Christians, of any kind, either side of the Atlantic, are not ‘better’.

The New Kingdom that Jesus talked about does not exist within any earthy dominion. In fact, as best as I can understand it, the whole point of this new kind of Kingdom is that it is a rejection of the whole idea of kingship, and suggests a simpler way of love and the unity of all things, both human and the wider world we live in.

Today I read the something by Richard Rohr, who said this (after a couple of pithy quotes);

If we take the world’s enduring religions at their best, we discover the distilled wisdom of the human race. —Huston Smith

For those of us living in the 21st century—an age of globalization, mass migrations, and incr

The divisions, dichotomies, and dualisms of the world can only be overcome by a unitive consciousness at every level: personal, relational, social, political, cultural, inter-religious dialogue, and spirituality in particular. This is the unique and central job of healthy religion (remember that re-ligio means to re-ligament!).

Many teachers have made the central but oft-missed point that unity is not the same as uniformity. Unity, in fact, is the reconciliation of differences, and those differences must be maintained—and yet overcome! You must actually distinguish things and separate them before you can spiritually unite them, but usually at cost to yourself (see Ephesians 2:14-16). And this is probably the rub! If only Christianity and other religions had made that simple clarification, so many problems—and overemphasized, separate identities—could have moved to a much higher level of love and service.easingly multi-religious and multi-ethnic societies—mutual understanding and respect, based on religious pluralism rather than religious exclusivism, are extremely critical to our survival. The insights from the perennial tradition have much to contribute in developing and strengthening multi-faith relations. Its insights help to combat religious discrimination and conflicts between and within religious traditions, and to develop more pluralistic paths of religious spirituality. Today . . . we see scholars and spiritual teachers forging new, more inclusive spiritual paths that recognize other religious traditions as sources of insight and wisdom. They are informed by the teachings and spiritual practices (meditation and contemplation) of multiple religious traditions. —John L. Esposito

The divisions, dichotomies, and dualisms of the world can only be overcome by a unitive consciousness at every level: personal, relational, social, political, cultural, inter-religious dialogue, and spirituality in particular. This is the unique and central job of healthy religion (remember that re-ligio means to re-ligament!).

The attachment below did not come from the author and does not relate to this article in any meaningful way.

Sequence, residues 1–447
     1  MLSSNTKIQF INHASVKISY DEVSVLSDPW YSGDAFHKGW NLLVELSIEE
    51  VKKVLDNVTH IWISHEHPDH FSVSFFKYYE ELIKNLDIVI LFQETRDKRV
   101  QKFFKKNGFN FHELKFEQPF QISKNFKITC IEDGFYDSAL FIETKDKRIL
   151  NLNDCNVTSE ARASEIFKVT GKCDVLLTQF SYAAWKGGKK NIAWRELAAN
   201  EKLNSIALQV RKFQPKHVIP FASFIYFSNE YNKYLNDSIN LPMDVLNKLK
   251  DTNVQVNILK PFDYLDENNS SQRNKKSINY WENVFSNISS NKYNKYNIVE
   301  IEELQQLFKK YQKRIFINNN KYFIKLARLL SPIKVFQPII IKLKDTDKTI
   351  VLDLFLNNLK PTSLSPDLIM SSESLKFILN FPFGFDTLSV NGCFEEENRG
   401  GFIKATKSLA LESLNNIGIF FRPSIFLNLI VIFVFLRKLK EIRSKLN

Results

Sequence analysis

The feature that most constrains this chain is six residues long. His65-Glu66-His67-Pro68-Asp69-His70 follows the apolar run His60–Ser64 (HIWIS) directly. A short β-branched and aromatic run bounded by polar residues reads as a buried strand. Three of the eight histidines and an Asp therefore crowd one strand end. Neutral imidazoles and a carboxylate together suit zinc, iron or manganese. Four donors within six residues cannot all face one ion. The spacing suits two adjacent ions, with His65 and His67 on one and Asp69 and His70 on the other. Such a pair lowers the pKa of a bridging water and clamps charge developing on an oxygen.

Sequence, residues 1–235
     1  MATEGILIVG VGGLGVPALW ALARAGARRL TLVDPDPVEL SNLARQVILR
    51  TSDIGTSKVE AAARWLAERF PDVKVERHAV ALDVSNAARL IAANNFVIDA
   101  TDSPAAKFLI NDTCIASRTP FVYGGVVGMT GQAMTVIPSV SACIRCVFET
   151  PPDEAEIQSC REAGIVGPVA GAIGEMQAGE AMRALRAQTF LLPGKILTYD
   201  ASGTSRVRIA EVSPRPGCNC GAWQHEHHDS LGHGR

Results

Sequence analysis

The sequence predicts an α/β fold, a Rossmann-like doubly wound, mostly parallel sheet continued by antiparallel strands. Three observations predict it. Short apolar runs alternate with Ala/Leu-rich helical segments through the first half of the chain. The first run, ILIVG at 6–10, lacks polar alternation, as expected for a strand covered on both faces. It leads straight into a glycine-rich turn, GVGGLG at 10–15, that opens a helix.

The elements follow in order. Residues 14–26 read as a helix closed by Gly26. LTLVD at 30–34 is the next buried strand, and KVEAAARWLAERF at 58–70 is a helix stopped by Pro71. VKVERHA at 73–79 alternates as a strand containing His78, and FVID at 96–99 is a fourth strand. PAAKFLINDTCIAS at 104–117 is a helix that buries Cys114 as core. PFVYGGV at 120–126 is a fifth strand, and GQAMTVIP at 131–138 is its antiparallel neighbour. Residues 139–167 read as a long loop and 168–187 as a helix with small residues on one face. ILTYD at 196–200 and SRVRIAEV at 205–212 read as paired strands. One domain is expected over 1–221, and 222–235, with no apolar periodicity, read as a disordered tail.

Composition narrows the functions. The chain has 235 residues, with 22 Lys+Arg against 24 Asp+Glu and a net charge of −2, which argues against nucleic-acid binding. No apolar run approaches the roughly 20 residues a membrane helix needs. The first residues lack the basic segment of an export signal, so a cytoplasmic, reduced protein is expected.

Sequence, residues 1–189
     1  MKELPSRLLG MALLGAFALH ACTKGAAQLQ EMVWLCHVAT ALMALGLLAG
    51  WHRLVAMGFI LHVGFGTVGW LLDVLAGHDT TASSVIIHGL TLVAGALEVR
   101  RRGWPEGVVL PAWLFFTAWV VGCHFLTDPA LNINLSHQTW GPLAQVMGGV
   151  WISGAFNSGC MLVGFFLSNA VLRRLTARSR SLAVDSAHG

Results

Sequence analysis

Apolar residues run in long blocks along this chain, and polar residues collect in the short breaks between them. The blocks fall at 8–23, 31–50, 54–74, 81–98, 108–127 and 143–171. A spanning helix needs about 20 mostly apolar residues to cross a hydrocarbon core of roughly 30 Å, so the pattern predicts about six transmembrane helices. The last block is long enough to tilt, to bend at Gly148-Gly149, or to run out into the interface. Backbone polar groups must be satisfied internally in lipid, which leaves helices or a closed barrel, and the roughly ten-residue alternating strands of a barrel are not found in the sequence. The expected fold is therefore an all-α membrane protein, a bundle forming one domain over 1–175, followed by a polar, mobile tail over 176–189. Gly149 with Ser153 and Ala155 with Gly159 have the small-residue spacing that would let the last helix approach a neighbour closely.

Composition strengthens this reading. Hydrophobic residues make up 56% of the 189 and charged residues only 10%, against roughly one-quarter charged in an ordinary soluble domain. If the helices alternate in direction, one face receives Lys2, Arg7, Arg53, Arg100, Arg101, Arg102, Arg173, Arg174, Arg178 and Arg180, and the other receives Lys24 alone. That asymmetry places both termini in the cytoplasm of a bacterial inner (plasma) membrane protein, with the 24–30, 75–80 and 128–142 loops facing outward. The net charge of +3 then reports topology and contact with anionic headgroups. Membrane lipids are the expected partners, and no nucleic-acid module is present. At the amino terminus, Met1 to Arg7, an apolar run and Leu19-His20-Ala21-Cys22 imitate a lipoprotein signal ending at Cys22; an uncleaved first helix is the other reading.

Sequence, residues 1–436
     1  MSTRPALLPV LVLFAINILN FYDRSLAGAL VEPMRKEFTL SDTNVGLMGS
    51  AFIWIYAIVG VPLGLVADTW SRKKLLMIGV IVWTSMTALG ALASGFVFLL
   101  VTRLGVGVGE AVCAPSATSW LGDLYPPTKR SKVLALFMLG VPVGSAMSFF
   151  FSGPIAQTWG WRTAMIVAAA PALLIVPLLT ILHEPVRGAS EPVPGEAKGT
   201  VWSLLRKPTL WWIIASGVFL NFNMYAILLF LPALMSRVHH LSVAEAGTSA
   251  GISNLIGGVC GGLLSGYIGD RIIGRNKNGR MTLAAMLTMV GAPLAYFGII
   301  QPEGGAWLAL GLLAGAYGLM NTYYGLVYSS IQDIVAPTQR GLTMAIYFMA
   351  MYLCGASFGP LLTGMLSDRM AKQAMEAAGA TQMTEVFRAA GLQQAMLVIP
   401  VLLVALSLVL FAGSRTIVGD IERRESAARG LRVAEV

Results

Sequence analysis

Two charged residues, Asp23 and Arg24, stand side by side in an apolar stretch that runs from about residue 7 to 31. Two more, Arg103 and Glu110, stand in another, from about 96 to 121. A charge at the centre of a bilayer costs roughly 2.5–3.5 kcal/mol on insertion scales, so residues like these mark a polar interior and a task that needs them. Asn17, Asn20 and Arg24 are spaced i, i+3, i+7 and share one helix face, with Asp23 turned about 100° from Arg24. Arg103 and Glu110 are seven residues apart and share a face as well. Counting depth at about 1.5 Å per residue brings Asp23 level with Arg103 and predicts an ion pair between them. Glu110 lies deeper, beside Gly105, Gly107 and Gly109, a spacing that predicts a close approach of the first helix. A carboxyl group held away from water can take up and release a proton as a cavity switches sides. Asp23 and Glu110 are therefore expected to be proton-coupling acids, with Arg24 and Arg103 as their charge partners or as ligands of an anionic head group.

Many teachers have made the central but oft-missed point that unity is not the same as uniformity. Unity, in fact, is the reconciliation of differences, and those differences must be maintained—and yet overcome! You must actually distinguish things and separate them before you can spiritually unite them, but usually at cost to yourself (see Ephesians 2:14-16). And this is probably the rub! If only Christianity and other religions had made that simple clarification, so many problems—and overemphasized, separate identities—could have moved to a much higher level of love and service.

Ideas matter, whether we chose to acknowledge them or not. Religious ideas matter even more, not just because of their meaning, but the power they have to shape whole societies, for good and ill.

I refuse the exclusive me-first religion of Trump and his ilk, in the same way that I refuse the exclusive me-first religion of the Islamic fundamentalists. However, if I am to remain open to the Spirit that is in all things, I must accept that difference is precious but also has something to teach me, rather than requiring me to dismiss, to resist, to declare ‘evil’.

Final words go to a local hymn writer, George Matheson (1842-1906, writer of that great Victorian Hymn ‘O love that wilt not let me go’. He was the rector of the church in Innellan (we are about to be neighbours) for 18 years. It is now known as ‘The Matheson Kirk’ because of the legacy he left. He wrote this hymn;

1 Gather us in, thou Love that fillest all!
Gather our rival faiths within thy fold!
Rend all our temple veils and bid them fall,
that we may know that thou hast been of old;
gather us in.

2 Gather us in: we worship only thee;
in varied names we stretch a common hand;
in diverse forms a common soul we see;
in many ships we seek one spirit-land;
gather us in.

3 Each sees one colour of thy rainbow light;
each looks upon one tint and calls it heaven;
thou art the fullness of our partial sight;
we are not perfect till we find the seven;
gather us in.

4 Some seek a Father in the heavens above,
some ask a human image to adore,
some crave a spirit vast as life and love;
within thy mansions we have all and more;
gather us in.